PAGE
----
Geeks2U Promise
We guarantee you'll love our fast, friendly service - or we'll refund your money.  
133,572 Happy Customers & Counting
Need tech support?
1300 769 448
Extended hours, 7 days a week
Home  /  geekspeak  /  Intel’s latest flaw could put your computer at risk

Intel’s latest flaw could put your computer at risk

Quite often these days when we hear about a major security flaw, it’s to do with the underlying software that we’re running on our PCs, whether it’s a dodgy browser exploit, some kind of flaw in productivity software or even “free” content sites that are awash with malware. It’s not quite so often that we hit underlying issues with the actual hardware that we use every day, but that’s the unfortunate position that hardware giant Intel has found itself in, with a slew of potential high severity exploits affected its recent processor ranges.

This is exceptionally bad news, because the odds are very good that you’ve got at least one product that could bear that iconic “Intel Inside” sticker, whether it’s a Windows laptop, Macintosh desktop or even any number of server or higher end business systems that rely on Intel’s top-tier Xeon processor families.

The flaw affects the underlying architecture that loads well before your operating system does, affecting issues with the Intel Management Engine (ME), Intel Server Platform Services (SPS), and Intel Trusted Execution Engine (TXE). The Management Engine can be used by administrators for maintenance tasks, and it’s essentially a sub-processor that runs its own tiny operating system in order to do so. In order to allow administrators (who should have access, after all), the Management Engine can power up a switched-off PC and run necessary upgrade and checking tasks for an entire fleet of PCs, typically with management technology enabled on the system. Or in other words, it’s usually only a concern for those who run entire fleets of PCs, but it’s not clear if the identified flaws could also be exploited on consumer PCs.

Flaws were also identified in the Trusted Execution Engine, which handles hardware authentication, and also the Server Platform Services, which works in a similar fashion to the ME, but for systems acting as servers. The flaws were identified by external researchers to Intel, and the processor giant then undertook a full audit of those services to check the authenticity of their claims. Sadly, they are vulnerable, at least in theory.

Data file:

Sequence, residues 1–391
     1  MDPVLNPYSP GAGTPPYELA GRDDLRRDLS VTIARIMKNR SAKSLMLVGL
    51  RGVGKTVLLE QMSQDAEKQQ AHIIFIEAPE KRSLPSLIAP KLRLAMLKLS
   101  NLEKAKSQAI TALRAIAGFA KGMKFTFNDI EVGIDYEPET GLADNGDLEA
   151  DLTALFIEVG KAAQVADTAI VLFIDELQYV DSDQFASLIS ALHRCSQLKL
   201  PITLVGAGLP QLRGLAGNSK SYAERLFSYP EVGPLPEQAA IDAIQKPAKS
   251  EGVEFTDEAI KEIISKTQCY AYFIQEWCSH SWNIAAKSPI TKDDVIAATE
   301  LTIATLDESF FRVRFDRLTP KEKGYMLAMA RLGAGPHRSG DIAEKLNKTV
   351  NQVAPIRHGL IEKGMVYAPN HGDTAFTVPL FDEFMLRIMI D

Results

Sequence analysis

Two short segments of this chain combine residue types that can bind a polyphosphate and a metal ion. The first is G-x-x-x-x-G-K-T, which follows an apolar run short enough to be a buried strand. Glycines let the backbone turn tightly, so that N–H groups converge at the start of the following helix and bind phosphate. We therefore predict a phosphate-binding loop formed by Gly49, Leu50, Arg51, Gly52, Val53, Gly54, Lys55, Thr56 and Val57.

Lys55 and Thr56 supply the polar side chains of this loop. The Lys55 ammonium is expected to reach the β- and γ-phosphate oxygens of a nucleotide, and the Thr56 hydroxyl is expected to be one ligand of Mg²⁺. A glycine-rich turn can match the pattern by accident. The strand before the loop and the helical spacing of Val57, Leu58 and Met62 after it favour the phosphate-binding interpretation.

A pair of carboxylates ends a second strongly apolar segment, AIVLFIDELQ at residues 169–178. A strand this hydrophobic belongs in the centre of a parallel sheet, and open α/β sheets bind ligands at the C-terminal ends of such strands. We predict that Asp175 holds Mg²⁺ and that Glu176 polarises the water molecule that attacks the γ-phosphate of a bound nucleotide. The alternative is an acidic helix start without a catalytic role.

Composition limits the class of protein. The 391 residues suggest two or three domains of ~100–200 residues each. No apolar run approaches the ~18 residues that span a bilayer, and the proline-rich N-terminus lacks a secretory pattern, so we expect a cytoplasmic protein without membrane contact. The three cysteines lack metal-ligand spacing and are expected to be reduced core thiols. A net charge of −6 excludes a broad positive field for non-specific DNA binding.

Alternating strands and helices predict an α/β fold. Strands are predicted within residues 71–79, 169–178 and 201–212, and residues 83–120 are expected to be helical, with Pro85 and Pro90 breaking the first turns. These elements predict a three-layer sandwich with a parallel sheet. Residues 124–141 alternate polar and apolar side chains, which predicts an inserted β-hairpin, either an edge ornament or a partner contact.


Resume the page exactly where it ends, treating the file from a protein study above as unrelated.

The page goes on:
To be specific, Intel has identified that there’s a potential issue with any system running any of the following processors:

  • 6th, 7th, and 8th generation Intel Core Processor Family
  • Intel Xeon Processor E3-1200 v5 and v6 Product Family
  • Intel Xeon Processor Scalable Family
  • Intel Xeon Processor W Family
  • Intel Atom C3000 Processor Family
  • Apollo Lake Intel Atom Processor E3900 series
  • Apollo Lake Intel Pentium Processors
  • Intel Celeron N and J series Processors

If you’re reading that list and figuring that maybe you have an Intel-based system, but wouldn’t know a Celeron from a stick of celery, help is at hand. Intel has released a detection tool for Windows/Linux users to help identify if they’re running on a system with the flaw, as well as guidance on how to update the firmware to close off the security hole, which you can find here.

From what’s been announced so far, the one bit of good news is that Intel-based Macs don’t seem to be affected, but even there, it’s wise to keep ahead of any security alerts and keep your system up to date. It’s always going to be a cat and mouse game, and nobody wants their system to be the unlucky mouse.


Recent News

I’ve not had a standard landline in my home for quite some time now. Partly that was because I very much did switch over to using my smartphone a great deal more over time. Mostly, however, it was because getting rid of it was one of the simplest ways to cut off those interminable “support

Social media can be a huge force for change, and in these times where many of us are bouncing in and out of lockdowns, also a vital lifeline for communication on everything from important matters to the wildly trivial. We’re all allowed our personal obsessions, after all. However, many of us don’t think about the

Microsoft recently released its first public-facing beta version of the Windows 11 operating system that it will ship later this year. You’ve got to be signed up to its Windows Insider program to get it – and be willing to accept a little risk in terms of unstable operating systems – but then this is

Telstra recently announced that its 5G coverage for its mobile phone network covers around 75% of the Australian population. It’s also announced the “longest” (as in range) 5G phone call in the world, spanning some 113km in Gippsland. Meanwhile, rival telco Optus has claimed that it’s hit 300mbps upstream on trials of its emerging mmWave

Coronavirus (COVID-19) Update

Learn about the precautions we are taking and our new contactless pick-up and remote service options. Read More
Get help setting up your home office or homework area today. Learn More